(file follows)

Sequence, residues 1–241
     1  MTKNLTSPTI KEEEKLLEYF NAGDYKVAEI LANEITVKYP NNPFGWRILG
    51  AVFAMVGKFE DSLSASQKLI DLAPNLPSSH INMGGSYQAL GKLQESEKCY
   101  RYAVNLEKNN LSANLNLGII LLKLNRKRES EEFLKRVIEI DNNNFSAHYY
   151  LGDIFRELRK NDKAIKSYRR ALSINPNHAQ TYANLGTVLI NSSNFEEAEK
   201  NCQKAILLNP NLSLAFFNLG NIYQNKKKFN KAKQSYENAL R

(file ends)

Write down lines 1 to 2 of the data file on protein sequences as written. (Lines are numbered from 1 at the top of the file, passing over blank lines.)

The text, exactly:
Sequence, residues 1–241
     1  MTKNLTSPTI KEEEKLLEYF NAGDYKVAEI LANEITVKYP NNPFGWRILG